CAS  Article  Google Scholar 

  9. 9.

    Krajbich, I. & Rangel, A. Multialternative drift-diffusion model predicts the relationship between visual fixations and choice in value-based decisions. Proc. Natl Acad. Sci. USA 108, 13852–13857 (2011).

    CAS  Article  Google Scholar 

  10. 10.

    Krajbich, I., Armel, C. & Rangel, A. Visual fixations and the computation and comparison of value in simple choice. Nat. Neurosci. 13, 1292–1298 (2010).

    CAS  Article  Google Scholar 

  11. 11.

    Krajbich, I., Lu, D., Camerer, C. & Rangel, A. The attentional drift-diffusion model extends to simple purchasing decisions. Front. Pyschol. 3, 193 (2012).

    Google Scholar 

  12. 12.

    Pärnamets, P. et al. Biasing moral decisions by exploiting the dynamics of eye gaze. Proc. Natl Acad. Sci. USA 112, 4170–4175 (2015).

    Article  Google Scholar 

  13. 13.

    Roe, R. M., Busemeyer, J. R. & Townsend, J. T. Multialternative decision field theory: a dynamic connectionist model of decision making. Psychol. Rev. 108, 370 (2001).

    CAS  Article  Google Scholar 

  14. 14.

    Shimojo, S., Simion, C., Shimojo, E. & Scheier, C. Gaze bias both reflects and influences preference. Nat. Neurosci. 6, 1317–1322 (2003).

    CAS  Article  Google Scholar 

  15. 15.

    Stewart, N., Hermens, F. & Matthews, W. J. Eye movements in risky choice. J. Behav. Decis. Mak. 29, 116–136 (2016).

    Article  Google Scholar 

  16. 16.

    Stewart, N., Gächter, S., Noguchi, T. & Mullett, T. L. Eye movements in strategic choice. J. Behav. Decis. Mak. 29, 137–156 (2016).

    Article  Google Scholar 

  17. 17.

    Vaidya, A. R. & Fellows, L. K. Testing necessary regional frontal contributions to value assessment and fixation-based updating. Nat. Commun. 6, 10120 (2015).

    CAS  Article  Google Scholar 

  18. 18.

    Tsetsos, K., Chater, N. & Usher, M. Salience driven value integration explains decision biases and preference reversal. Proc. Natl Acad. Sci. USA 109, 9659–9664 (2012).

    CAS  Article  Google Scholar 

  19. 19.

    Milosavljevic, M., Navalpakkam, V., Koch, C. & Rangel, A. Relative visual saliency differences induce sizable bias in consumer choice. J. Consum. Psychol. 22, 67–74 (2012).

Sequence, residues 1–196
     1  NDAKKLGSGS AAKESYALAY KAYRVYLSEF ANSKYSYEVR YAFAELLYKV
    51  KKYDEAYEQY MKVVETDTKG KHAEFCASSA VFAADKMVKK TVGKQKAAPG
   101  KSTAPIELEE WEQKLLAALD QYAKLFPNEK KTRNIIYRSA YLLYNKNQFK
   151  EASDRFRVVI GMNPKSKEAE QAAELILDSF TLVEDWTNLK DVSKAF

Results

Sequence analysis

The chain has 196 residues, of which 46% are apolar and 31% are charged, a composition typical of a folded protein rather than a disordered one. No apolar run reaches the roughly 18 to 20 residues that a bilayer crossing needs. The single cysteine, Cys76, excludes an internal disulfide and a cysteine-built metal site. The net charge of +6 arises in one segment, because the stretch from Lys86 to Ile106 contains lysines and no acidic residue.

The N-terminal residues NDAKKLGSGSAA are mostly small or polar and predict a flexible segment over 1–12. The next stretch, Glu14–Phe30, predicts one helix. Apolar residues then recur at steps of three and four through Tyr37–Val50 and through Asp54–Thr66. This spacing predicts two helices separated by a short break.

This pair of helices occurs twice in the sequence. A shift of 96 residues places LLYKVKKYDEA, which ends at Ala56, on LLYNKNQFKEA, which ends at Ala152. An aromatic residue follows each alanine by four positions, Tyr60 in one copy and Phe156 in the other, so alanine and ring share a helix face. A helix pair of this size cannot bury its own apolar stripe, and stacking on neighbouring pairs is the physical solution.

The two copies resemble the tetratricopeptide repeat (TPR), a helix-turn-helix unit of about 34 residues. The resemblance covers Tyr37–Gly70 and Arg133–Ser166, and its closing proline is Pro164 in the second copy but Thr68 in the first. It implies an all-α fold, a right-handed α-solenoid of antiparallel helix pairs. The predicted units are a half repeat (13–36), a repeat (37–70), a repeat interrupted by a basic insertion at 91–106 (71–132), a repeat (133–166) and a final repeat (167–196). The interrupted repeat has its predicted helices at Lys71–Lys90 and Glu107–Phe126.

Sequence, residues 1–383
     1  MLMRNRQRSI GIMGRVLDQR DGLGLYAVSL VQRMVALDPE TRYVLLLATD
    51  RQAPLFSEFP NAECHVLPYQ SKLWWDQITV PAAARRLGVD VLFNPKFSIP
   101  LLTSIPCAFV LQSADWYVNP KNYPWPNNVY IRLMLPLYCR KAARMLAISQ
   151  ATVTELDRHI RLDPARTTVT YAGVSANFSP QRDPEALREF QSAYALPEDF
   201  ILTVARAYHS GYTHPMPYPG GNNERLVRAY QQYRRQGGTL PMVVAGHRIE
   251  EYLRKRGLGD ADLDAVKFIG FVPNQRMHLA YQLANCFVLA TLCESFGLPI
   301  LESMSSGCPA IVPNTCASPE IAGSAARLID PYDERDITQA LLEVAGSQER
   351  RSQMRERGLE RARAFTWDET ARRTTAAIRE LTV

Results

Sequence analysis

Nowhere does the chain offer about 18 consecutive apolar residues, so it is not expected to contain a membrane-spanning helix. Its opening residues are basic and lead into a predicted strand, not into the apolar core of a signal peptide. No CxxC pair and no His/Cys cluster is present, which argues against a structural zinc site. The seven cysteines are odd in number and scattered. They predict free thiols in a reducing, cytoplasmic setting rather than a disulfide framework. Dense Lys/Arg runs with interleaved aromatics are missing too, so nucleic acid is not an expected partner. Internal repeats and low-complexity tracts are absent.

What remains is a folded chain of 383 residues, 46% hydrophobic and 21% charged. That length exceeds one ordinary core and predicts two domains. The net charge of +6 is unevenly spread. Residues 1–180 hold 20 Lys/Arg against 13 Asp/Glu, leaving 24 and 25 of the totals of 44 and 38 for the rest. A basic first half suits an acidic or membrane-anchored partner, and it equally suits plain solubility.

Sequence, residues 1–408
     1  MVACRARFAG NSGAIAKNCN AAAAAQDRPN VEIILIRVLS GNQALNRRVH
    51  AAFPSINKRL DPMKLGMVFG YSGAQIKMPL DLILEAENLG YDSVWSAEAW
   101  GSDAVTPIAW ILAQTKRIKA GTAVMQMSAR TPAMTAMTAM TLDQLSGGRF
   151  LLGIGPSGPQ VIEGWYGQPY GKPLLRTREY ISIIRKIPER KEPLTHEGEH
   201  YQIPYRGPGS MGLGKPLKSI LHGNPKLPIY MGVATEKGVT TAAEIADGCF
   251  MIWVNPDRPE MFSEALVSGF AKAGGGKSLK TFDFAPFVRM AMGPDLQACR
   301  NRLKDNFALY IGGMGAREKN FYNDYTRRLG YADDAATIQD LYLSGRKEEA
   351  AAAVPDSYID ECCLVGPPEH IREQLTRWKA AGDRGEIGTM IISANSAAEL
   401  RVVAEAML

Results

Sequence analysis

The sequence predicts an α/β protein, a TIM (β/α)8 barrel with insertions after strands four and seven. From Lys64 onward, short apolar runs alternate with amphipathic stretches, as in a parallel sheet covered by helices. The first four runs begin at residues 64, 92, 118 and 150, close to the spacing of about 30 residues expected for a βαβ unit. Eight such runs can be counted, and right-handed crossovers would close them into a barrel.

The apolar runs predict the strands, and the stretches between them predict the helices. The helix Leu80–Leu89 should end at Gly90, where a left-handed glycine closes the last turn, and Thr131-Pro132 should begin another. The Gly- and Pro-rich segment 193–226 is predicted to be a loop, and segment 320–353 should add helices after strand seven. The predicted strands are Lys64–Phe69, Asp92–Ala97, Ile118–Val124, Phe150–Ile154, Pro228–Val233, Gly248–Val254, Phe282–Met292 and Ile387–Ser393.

Article  Google Scholar 

  20. 20.

    Towal, R. B., Mormann, M. & Koch, C. Simultaneous modeling of visual saliency and value computation improves predictions of economic choice. Proc. Natl Acad. Sci. USA 110, E3858–E3867 (2013).

    CAS  Article  Google Scholar 

  21. 21.

    Tavares, G., Perona, P. & Rangel, A. The attentional drift diffusion model of simple perceptual decision-making. Front. Neurosci. 11, 468 (2017).

    Article  Google Scholar 

  22. 22.

    Ashby, N. J. S., Jekel, M., Dickert, S. & Glöckner, A. Finding the right fit: a comparison of process assumptions underlying popular drift-diffusion models. J. Exp. Psychol. Learn. Mem. Cogn. 42, 1982–1993 (2016).

    Article  Google Scholar 

  23. 23.

    Fisher, G. An attentional drift diffusion model over binary-attribute choice. Cognition 168, 34–45 (2017).

    Article  Google Scholar 

  24. 24.

    Gluth, S., Spektor, M. S. & Rieskamp, J. Value-based attentional capture affects multi-alternative decision making. eLife 7, e39659 (2018).

    Article  Google Scholar 

  25. 25.

    Ratcliff, R. A theory of memory retrieval. Psychol. Rev. 85, 59–108 (1978).

    Article  Google Scholar 

  26. 26.

    Ratcliff, R., Smith, P. L., Brown, S. D. & McKoon, G. Diffusion decision model: current issues and history. Trends Cogn. Sci. 20, 260–281 (2016).

    Article  Google Scholar 

  27. 27.

    Grandy, T. H., Lindenberger, U. & Werkle-Bergner, M. When group means fail: can one size fit all? Preprint at biorXiv https://doi.org/10.1101/126490 (2017).

  28. 28.

    Lewandowsky, S. & Farrell, S. Computational Modeling in Cognition: Principles and Practice (SAGE Publications, 2010).